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Utah State engineers design solutions to repair nation's tallest dam

LOGAN — A team of 15 engineers, technicians and students built a model one-fiftieth the size of the spillway at the nation's tallest dam, replicating the crippled chute damaged by floods earlier this year.

The February failure of Oroville Dam's spillway in California put the safety of the nation's dams under scrutiny, but also provided a team of experts at Utah State University the opportunity to engineer the best — and safest design — of a new spillway for a critical source of water in the Sacramento Valley.

"It is a pretty significant dam in California," said Michael Johnson, a project leader and research professor who specializes in experimental hydrology.

The spillway began to break apart on Feb. 7, damage that grew worse as dam operators were forced to continue releasing water after the emergency spillway's release began to erode a hillside.

Fearing for the safety of downstream residents, emergency officials evacuated nearly 200,000 people — elevating concerns both in California and across the nation over the aging nature of the country's water infrastructure.

As earthen dams and spillways go, there was nothing in the structural design at Oroville that immediately gives clarity to cause of the failure, Johnson said. A team of forensic engineers are continuing to probe what went wrong, he said.

Oroville Dam, at 770 feet, was completed in 1968 and included many of the design features in place at dams throughout the country.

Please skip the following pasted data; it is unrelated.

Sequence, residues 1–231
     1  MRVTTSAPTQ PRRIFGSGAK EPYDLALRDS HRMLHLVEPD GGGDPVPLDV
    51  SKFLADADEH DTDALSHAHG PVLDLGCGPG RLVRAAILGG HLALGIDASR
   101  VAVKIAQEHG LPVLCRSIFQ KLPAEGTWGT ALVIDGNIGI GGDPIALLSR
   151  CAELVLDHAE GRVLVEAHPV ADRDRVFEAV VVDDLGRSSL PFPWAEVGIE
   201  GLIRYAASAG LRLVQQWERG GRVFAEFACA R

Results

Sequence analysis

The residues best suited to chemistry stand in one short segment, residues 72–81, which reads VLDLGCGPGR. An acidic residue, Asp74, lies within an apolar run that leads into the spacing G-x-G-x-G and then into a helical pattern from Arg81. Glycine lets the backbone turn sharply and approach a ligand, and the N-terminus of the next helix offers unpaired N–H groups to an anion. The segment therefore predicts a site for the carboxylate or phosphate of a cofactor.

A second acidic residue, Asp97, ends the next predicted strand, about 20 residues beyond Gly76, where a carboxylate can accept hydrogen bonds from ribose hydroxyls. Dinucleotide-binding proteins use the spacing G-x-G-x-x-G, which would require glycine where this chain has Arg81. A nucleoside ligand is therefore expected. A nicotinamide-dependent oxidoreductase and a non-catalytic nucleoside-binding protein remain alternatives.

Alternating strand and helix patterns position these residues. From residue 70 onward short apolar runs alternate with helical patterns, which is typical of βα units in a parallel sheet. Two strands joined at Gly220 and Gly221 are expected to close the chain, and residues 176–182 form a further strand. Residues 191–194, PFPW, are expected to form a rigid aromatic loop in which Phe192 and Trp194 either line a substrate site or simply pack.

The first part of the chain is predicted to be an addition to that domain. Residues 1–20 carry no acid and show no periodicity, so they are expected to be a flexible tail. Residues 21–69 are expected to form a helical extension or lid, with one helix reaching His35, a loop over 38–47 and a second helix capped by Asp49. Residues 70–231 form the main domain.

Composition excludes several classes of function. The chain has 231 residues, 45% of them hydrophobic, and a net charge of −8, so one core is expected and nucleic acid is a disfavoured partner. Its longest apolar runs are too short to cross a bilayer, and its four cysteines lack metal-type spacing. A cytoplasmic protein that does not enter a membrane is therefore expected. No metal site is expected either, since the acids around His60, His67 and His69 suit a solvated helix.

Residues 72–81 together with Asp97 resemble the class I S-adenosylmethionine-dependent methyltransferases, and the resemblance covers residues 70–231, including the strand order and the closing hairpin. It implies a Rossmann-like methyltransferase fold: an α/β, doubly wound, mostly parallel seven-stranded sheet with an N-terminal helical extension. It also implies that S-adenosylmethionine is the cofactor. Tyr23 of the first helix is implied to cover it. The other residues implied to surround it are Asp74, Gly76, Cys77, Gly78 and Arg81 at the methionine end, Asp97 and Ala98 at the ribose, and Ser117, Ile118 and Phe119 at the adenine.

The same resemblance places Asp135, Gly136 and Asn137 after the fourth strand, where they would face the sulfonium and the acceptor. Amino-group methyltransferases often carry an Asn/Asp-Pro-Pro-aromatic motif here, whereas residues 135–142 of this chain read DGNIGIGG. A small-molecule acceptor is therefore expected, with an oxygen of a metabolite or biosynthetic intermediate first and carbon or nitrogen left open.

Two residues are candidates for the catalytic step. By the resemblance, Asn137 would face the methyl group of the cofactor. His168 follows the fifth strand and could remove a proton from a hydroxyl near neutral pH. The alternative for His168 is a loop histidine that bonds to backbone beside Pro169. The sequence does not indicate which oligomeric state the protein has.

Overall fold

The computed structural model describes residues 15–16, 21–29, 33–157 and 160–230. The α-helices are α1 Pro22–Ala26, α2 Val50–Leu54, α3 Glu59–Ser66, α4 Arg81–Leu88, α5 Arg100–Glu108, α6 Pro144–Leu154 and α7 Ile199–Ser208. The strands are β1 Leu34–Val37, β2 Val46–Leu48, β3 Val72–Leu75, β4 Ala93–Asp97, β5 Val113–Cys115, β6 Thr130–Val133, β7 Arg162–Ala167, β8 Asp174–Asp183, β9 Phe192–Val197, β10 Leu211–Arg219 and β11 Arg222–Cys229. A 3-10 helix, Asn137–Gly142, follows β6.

USU's research laboratory is no stranger to building physical models of dams, but this is its largest and has been done at the request of the California Department of Water Resources based on previous work the lab did on the power turbines at Oroville.

At 100 feet long and 60 feet wide, the model simulates a prototype dam and spillway of more than 4.4 million square feet.

Its "mountains," made of 20,000 pounds of concrete, replicate the actual topography at Oroville to simulate flows in the California drainage, with mapping accomplished with a laser scanner mounted on aircraft.

"To build the topography was no small job," Johnson said. "But we have some of the best brains in the world working on this project because we all benefit from what goes on (there).

The Sacramento Valley is one of the most productive agricultural regions in the country.

Those fields depend on water from places such as Oroville Dam and the success of the model built at the Utah lab.

The model, constructed in 40 days, supplies just over 7,030 gallons per minute and simulates a flow of up to 277,000 cubic feet per second — which Johnson said is akin to a 100-year flood event.

Construction and subsequent operation of the model is happening on an accelerated timeline so the information can be used in the replacement spillway's design — with an eye toward having everything functioning by the start of California's wet season in November.

Mac McKee, who oversees the lab, said researchers and students there have participated in the construction of 20-plus models of dams along the Lower Colorado River, which flows from west Texas down to the Gulf of Mexico.

With each project — like Oroville spillway replication — engineers gain additional information about the complex design world of dams and related infrastructure.

This particular project is costing the lab $277,000, McKee said.

"What it is buying is a lot insurance that the structure will function as designed. Beyond that, it is the recognition it brings to the university and this water lab," improving the discipline of engineering, he said.

"We're discovering new stuff that brings enlightenment and improvement in how engineering is done, and that changes the world in a good way," McKee said.